Download Full Text (1.5 MB)

Faculty Sponsor

Deborah Baresic




Cervical cancer ranks as the fourth most common cancer in women internationally and the fourteenth most common women’s cancer in the United States. Human Papilloma Virus (HPV) is the leading causative factor for cervical cancer. In America, over 79 million men and women have HPV, with over 14 million new infections occurring yearly. Although nearly every person who is sexually active will test HPV- positive at one point in their life, most HPV infections are easily eradicated by the immune system. In some cases, however, HPV infections persist and cell changes take place that eventually lead to cancer. Papanicolaou (pap) testing has long been a screening method used to ensure early detection of abnormal cervical cells and spur action to prevent cancer development. Recent changes in national screening recommendations promote cytology alone before age 30, followed by HPV testing or cotesting with HPV and cytology after the age of 30. HPV testing has been proven superior to traditional cytology when comparing cost, resources, time, and skill required to interpret cytology slides.With the rise in popularity of HPV testing for cervical cancer screening, self- collected HPV sampling has been explored as an additional option for increasing the number of women screened for cervical cancer.Women have proven competent in self- collected sampling and expressed satisfaction with this method of testing. Conversely, self-collected sampling prompts concerns for patient follow-up needs, provider responsibilities related to results, incomplete well-woman’s exams, and effects on results of sampling vaginal tissue compared to cervical tissue.When compared to provider-gathered Pap testing alone, self-collected HPV testing offers the ability to reach women who lack access to care or do not seek screening due to time, embarrassment, or knowledge deficits.When considering the feasibility of self-collected HPV sampling, the opportunity to improve cervical cancer screening compliance among hard-to-reach populations is promising. However, bypassing the gold standard of cotesting with cytology and HPV, accounting for patient results, and managing patient follow-up care represent the potential drawbacks to promoting self-collected sampling. As HPV self-collected sampling research grows, further implications of this method on decreasing cervical cancer prevalence will be discovered.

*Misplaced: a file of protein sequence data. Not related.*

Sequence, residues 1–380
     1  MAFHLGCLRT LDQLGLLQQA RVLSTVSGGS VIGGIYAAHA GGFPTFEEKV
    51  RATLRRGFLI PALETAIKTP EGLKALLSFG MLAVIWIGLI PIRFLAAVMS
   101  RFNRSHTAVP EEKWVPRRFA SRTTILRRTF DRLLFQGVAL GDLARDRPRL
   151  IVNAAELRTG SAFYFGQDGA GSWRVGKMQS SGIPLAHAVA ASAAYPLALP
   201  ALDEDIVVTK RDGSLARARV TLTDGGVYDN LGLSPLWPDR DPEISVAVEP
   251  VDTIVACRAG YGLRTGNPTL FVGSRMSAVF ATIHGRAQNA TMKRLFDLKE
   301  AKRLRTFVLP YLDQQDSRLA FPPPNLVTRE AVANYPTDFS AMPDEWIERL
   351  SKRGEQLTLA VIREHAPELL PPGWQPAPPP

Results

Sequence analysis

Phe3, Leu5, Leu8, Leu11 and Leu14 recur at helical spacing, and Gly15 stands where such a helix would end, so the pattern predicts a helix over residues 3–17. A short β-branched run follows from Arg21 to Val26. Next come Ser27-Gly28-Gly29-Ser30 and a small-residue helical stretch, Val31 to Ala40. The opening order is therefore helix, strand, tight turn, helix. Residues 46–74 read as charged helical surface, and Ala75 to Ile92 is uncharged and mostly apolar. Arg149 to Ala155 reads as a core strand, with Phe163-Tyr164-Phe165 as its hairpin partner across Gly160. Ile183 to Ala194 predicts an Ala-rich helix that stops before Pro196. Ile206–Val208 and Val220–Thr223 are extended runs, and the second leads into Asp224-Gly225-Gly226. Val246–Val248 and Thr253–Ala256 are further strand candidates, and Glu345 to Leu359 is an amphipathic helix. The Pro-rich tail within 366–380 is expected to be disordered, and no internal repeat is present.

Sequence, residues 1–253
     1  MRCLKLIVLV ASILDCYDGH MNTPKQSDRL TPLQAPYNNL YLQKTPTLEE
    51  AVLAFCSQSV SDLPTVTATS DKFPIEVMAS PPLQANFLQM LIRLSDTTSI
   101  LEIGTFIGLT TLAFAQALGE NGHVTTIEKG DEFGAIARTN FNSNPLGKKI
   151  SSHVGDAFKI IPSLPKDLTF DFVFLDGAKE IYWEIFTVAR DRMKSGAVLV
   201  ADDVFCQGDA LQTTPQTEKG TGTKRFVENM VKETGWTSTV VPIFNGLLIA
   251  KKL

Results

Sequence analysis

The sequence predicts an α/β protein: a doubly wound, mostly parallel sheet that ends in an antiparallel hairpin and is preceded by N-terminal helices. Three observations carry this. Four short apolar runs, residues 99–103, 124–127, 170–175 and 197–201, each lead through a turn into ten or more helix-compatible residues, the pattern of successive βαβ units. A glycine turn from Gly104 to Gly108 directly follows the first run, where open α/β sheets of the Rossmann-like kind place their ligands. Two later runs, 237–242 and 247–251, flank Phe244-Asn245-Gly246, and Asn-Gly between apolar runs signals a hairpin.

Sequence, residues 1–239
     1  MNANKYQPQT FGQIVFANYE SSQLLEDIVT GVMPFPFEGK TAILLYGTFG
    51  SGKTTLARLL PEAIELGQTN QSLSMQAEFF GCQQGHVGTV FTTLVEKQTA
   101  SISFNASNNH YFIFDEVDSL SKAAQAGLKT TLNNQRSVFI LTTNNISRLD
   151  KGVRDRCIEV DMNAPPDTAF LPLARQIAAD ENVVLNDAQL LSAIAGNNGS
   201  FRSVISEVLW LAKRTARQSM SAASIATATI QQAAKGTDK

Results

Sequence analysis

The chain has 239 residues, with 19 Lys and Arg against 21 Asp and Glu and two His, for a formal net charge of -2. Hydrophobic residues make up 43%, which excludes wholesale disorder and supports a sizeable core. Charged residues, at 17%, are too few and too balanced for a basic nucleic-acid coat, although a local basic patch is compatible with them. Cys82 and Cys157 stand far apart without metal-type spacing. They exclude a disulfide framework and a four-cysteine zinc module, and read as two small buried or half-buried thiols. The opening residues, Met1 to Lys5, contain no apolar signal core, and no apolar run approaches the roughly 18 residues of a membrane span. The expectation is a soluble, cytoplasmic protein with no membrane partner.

Exploring the Feasibility of HPV Self-Collected Sampling

Included in

Nursing Commons